Load: The final step of the ETL process is loading the transformed data into the target database or data warehouse. In this step the actual integration into the target database or data warehouse takes place. The data is physically moved to the target without blocking the database for a long time during loading. All changes in the target system are documented by detailed logging.
More and more companies are opting for an ELT strategy (Extract, Load, Transform – or Schema on Read), in which the transformations are carried out during the query and both structured and unstructured data are saved in raw format. The load and transform steps are swapped here. This is because the three individual steps do not always have to take place in the described order. The ELT process first loads the data into the target database without transforming it. All collected data is available in its raw form. This results in a so-called data lake, which consists of data in various formats. The transformation takes place in the target system with special procedures and algorithms only for the evaluations to be performed. This procedure offers the advantage that data can first be collected in the target system and made available for the evaluations.
The Data Warehouse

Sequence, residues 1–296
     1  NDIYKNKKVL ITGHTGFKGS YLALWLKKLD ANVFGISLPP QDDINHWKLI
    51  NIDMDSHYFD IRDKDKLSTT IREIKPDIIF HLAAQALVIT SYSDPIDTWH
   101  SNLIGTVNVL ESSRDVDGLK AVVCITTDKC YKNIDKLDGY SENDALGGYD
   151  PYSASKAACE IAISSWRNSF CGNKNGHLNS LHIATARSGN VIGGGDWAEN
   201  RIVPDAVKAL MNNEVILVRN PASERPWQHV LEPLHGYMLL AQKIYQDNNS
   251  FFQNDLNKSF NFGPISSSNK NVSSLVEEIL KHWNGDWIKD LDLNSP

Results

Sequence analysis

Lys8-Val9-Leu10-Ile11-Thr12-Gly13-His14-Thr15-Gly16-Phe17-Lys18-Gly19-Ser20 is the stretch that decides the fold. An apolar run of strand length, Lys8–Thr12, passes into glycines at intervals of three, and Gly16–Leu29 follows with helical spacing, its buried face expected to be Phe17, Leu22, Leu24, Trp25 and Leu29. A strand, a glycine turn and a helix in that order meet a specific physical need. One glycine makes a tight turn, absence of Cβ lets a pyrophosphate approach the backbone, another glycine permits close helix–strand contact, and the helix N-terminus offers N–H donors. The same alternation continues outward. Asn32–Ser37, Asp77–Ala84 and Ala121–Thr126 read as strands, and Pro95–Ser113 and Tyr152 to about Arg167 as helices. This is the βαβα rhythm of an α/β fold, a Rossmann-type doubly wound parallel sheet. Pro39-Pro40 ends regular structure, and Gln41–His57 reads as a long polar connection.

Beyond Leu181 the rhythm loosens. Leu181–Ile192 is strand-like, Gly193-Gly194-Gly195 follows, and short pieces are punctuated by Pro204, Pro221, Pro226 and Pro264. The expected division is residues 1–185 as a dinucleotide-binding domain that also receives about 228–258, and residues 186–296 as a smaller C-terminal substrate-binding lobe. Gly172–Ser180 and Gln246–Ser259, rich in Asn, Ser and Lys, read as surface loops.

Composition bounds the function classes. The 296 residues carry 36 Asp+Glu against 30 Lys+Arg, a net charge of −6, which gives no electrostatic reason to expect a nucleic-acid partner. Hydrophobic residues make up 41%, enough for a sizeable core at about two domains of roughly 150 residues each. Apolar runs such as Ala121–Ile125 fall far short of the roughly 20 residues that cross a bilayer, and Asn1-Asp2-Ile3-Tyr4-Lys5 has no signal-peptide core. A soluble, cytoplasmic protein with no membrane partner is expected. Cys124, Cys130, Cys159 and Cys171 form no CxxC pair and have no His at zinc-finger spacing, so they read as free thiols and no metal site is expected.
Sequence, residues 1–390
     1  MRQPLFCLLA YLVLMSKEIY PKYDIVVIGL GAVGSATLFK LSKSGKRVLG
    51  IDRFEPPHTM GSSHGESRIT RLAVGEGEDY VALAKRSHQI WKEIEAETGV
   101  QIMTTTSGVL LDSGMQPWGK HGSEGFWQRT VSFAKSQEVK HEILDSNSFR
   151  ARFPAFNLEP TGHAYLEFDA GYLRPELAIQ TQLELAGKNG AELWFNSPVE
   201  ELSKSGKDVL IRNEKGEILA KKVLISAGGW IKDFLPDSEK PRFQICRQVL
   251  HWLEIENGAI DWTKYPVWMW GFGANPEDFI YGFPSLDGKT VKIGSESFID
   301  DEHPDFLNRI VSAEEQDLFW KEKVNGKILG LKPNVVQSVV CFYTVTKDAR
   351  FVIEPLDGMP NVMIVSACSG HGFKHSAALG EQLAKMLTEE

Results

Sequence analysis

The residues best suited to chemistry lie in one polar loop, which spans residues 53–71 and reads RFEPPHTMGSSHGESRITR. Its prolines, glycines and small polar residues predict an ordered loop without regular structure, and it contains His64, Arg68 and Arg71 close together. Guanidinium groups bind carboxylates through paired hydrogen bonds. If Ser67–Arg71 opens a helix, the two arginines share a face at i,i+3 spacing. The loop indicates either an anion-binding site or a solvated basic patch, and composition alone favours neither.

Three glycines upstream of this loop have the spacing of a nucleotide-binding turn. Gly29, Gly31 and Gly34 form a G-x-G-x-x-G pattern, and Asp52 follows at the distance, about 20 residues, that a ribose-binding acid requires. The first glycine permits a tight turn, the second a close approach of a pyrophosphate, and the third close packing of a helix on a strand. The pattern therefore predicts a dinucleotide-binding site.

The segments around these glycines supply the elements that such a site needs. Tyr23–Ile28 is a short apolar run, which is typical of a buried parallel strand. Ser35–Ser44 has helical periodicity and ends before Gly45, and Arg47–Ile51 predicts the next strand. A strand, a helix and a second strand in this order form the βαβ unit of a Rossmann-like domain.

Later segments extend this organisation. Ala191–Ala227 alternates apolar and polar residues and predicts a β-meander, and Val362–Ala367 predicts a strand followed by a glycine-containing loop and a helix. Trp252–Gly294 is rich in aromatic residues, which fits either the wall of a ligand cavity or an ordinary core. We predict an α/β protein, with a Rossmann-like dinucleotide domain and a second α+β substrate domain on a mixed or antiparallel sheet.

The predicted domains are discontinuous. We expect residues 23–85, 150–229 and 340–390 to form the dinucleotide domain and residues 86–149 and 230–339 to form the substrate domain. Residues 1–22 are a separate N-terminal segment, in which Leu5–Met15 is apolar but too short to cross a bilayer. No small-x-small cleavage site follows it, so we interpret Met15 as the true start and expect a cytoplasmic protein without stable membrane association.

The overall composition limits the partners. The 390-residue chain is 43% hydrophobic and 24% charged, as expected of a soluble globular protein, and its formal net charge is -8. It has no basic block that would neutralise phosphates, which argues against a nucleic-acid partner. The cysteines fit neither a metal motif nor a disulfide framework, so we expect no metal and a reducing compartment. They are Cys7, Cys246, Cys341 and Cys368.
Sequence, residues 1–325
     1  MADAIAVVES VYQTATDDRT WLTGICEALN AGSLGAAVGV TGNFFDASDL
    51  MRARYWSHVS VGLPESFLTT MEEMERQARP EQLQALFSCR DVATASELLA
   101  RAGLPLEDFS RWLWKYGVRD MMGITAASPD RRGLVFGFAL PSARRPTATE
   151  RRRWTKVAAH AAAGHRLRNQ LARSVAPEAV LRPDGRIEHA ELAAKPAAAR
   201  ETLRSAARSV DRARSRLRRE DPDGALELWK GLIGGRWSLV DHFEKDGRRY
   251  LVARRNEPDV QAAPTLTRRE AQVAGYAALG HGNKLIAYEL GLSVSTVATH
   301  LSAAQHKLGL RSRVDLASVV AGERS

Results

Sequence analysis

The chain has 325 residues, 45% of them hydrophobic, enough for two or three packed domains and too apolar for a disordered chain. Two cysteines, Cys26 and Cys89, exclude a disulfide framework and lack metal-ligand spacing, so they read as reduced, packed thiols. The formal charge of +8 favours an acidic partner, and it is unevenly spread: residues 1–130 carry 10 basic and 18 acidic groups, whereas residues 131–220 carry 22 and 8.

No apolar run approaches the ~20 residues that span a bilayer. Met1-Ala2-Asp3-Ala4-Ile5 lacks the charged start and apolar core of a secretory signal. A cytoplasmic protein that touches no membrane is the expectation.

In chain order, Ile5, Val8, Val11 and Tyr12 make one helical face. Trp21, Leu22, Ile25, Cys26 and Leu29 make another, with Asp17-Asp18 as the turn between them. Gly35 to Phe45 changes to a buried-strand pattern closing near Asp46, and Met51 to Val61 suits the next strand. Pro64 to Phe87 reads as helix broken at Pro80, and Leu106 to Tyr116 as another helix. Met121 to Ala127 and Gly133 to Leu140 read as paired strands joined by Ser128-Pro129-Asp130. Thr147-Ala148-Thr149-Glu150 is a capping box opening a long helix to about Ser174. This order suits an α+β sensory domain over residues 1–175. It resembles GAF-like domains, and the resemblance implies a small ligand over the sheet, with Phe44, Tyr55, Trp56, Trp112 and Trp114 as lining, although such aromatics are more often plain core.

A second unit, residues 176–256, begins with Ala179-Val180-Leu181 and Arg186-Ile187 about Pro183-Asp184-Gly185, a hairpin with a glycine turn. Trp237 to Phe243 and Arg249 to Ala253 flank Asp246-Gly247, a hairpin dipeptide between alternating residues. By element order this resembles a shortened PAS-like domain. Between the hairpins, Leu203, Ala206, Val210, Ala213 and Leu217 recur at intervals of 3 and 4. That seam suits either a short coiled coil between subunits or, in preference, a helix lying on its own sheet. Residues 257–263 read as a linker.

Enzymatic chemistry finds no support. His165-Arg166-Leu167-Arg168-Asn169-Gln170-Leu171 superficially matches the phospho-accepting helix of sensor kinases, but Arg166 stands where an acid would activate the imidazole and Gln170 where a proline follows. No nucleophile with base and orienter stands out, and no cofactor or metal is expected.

The point where everything comes together and the data is transported to is the data warehouse. A major problem of data warehouse architecture is the labor-intensive creation and operation of the ETL routes to fill the data warehouse systems. If changes are made to the source system, this results in a multitude of activities and programming efforts in the downstream systems. However, data warehouse automation tools allow data marts to be created automatically, and for data to be transferred live to the cloud using the change data capture process. This drastically reduces the manual effort involved in creating and maintaining ETL paths.
Data analytics in supply chain management are often very agile. There are always new requirements or new questions that need to be answered. In the worst case, the ETL process may have to be adapted or a new one created. This is where a data warehouse comes into play. Here, too, ETL processes are still necessary to transport the data from the source systems to the data warehouse. However, once these processes are established, they rarely need to be adapted. The data remains collected in the data warehouse and can be further modeled from there and used for connected data analytics solutions. The result is clear key figures that provide a real-time overview of important events or possible changes. Data science solutions, which for example improve data quality with the help of Machine Learning, can also build on this.
Data is the most important indicator for making safe and correct decisions in supply chain management. But you cannot just use them without preparation. Data also has a supply chain from the source system to the respective evaluation. This management of data should be dealt with in good time in order to be able to turn data into corporate success in the long term. In my opinion, companies can only be successful if they make the right data-based decisions.
If you have further interest in this topic, visit the INFORM DataLab.